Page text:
“Maggots and Men” (2009; Nov. 19, 2:00 pm) by trans director Cary Cronenwett, is an experimental Russian-language film that reportedly features the largest cast of trans actors. It tells the story of the Kronstadt Uprising of 1921 against Russia’s new Bolshevik government. The narrative unfolds through letters Stephan Petrichenko (Stormy Henry Knight) writes to his sister, Anya, about his life as a sailor. His experiences, which include homoerotic exercising and skinny dipping as well as a romance with fellow sailor Yuri Kilgast (Travis Clough), soon segue into the political, as opposition to the government escalates into rebellion and mutiny. Cronenwett filmed “Maggots and Men” in stylized black and white, cross-cutting between a stage play recounting the history and scenes with Stephan on and off the ship. The approach recalls Guy Maddin crossed with gay filmmaker Sergei Eisenstein. “Maggots and Men” is playful, poetic, and polemical all at once.
“The Aggressives” (2005; Nov. 19, 4:30 pm) is a fantastic, illuminating documentary that profiles a handful of studs, butch, trans, or masc individuals. Through interviews and observational footage, director Daniel Peddle lets his subjects talk about how they identify, their gender and sexuality, their ideas about beauty, as well as their relationships with family, friends, and lovers. As their lives evolve over the course of five years, tomboy Marquise enters the military, Octavio spends time in jail, and Kisha finds work as a model. Through various vignettes, each subject offers poignant reflections on their lives as they talk about what it means to identify as masculine and love women. The film was groundbreaking when it was made, and a worth a(nother) look.
Note: the film is also playing with its brand new sequel, “Beyond the Aggressives: 25 Years Later” Nov. 16 at the Quad Cinema with a Q&A with director Daniel Peddle and subjects from the film. “Beyond the Aggressives” will then open for a weeklong run (at least) with select Q&As on Nov. 17-18.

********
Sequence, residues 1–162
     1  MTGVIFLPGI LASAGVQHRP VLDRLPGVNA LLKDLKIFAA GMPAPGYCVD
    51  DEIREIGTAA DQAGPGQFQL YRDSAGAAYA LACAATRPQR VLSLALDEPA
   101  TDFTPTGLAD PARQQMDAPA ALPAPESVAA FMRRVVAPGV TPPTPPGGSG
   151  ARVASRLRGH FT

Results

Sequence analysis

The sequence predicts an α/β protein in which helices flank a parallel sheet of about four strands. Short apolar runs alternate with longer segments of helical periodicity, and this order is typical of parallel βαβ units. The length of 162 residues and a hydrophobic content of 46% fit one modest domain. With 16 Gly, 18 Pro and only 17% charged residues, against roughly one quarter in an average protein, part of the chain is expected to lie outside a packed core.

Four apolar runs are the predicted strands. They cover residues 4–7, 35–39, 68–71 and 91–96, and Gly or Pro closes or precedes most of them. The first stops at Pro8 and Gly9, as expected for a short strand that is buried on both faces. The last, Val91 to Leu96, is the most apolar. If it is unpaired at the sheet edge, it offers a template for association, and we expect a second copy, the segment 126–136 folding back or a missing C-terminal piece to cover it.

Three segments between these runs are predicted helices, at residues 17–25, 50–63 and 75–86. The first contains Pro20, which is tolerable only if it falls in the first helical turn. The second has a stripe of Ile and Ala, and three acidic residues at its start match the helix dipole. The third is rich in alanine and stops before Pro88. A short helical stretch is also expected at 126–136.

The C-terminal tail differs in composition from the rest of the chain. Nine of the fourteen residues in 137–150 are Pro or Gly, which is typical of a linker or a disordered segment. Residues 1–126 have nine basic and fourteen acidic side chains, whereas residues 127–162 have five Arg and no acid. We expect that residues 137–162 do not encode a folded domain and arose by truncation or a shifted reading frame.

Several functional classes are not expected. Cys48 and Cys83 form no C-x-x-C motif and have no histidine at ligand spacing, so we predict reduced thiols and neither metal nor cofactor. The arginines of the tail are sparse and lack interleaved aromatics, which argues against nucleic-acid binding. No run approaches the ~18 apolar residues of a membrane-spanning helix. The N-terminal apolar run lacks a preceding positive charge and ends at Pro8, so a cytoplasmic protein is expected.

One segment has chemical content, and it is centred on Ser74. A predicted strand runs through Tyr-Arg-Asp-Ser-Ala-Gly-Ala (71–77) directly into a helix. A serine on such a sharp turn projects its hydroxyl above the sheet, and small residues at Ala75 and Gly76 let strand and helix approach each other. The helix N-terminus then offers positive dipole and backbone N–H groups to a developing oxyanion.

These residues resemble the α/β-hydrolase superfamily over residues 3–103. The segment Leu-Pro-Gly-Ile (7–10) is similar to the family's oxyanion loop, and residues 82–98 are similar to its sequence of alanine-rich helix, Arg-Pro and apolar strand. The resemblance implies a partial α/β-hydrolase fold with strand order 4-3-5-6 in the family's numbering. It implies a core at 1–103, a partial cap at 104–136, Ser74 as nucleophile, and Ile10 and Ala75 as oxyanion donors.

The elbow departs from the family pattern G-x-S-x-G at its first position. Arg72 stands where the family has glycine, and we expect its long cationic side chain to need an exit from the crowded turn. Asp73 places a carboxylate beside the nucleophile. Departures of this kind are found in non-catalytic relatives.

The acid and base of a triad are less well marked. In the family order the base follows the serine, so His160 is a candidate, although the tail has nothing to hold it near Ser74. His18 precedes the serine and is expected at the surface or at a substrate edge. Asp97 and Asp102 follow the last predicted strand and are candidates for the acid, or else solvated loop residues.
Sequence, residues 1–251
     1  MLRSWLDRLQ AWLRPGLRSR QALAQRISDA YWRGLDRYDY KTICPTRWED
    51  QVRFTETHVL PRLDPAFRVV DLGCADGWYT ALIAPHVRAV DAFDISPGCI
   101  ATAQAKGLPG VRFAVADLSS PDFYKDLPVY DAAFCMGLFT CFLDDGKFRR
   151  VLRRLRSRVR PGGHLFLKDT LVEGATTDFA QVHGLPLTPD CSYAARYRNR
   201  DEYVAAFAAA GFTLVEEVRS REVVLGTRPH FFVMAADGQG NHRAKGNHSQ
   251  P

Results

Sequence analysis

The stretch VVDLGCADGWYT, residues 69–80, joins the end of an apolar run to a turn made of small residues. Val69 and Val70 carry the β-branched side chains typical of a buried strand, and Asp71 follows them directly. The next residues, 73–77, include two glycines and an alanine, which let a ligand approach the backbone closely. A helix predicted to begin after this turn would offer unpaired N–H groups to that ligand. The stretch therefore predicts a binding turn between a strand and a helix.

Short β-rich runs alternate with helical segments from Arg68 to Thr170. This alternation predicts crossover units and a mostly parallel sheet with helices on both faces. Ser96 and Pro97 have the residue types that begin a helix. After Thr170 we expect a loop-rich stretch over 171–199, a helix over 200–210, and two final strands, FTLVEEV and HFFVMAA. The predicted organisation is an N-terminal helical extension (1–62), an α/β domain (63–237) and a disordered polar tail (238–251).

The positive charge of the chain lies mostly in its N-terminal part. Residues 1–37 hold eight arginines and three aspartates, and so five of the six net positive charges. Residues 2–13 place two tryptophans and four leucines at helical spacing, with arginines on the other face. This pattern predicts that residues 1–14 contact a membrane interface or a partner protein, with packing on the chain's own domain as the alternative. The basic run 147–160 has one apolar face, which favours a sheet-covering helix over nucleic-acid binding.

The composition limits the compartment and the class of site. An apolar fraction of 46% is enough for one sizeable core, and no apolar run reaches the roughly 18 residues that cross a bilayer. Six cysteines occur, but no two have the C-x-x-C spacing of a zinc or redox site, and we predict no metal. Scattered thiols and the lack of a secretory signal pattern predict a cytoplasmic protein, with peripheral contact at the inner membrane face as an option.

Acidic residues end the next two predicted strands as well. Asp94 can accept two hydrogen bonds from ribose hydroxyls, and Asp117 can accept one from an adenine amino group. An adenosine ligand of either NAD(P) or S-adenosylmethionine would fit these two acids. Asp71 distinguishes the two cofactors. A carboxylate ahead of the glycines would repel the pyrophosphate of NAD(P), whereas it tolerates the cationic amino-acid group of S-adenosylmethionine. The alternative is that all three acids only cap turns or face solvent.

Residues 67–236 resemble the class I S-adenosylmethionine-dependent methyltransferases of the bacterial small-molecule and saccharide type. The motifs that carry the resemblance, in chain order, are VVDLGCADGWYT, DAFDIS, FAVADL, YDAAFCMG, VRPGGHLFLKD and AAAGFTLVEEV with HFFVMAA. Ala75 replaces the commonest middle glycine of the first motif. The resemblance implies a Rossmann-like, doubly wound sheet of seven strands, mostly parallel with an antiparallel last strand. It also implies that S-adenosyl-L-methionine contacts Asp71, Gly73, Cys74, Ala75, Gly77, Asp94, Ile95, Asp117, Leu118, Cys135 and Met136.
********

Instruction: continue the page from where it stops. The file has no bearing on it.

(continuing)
“Chavela” (2017; Nov. 20 at 7:00 pm) is a vibrant documentary portrait of Chavela Vargas, the ranchero singer whose emotional performances won her legions of fans around the world. A lesbian who dressed like a man — she wore pants before it was fashionable for women to do so — Chavela but could not be openly gay off stage. However, she did open doors for lesbians in Mexico. She had many love affairs, and relationships with women, even befriending Frida Kahlo for a spell. When her career hit the skids, Chavela was broke and became an alcoholic. She was “reborn” in Spain, where a whole new set of fans, including filmmaker Pedro Almodóvar, embraced her. “Chavela” uses archival clips, interviews, and fabulous performance footage to tell the story of this underknown singer who, as one interviewee explains, “fought for freedom and equality in music and sexuality.”
“Shinjuku Boys” (1995; Nov. 21 at 7:00 pm) is an absorbing portrait of three onabe (women who live as men) who work at Club Marilyn, catering to straight female clients. Gaish passes as male and says, “I don’t think I’m a girl or a boy; I’m just me.” Kazuki uses a binder, and is in a relationship with Kumi, a transgender performer who “started life as a man.” They talk about expected gender roles, and in one very moving scene, Kazuki discusses her relationship with her mother. The third subject is Tatsu, who is taking hormones, and has a girlfriend Tomoe. They discuss marriage and children (and the unlikeliness of that). In addition to the revealing interviews, which address how each subject navigates sex and gender, there are some terrific club and performance scenes.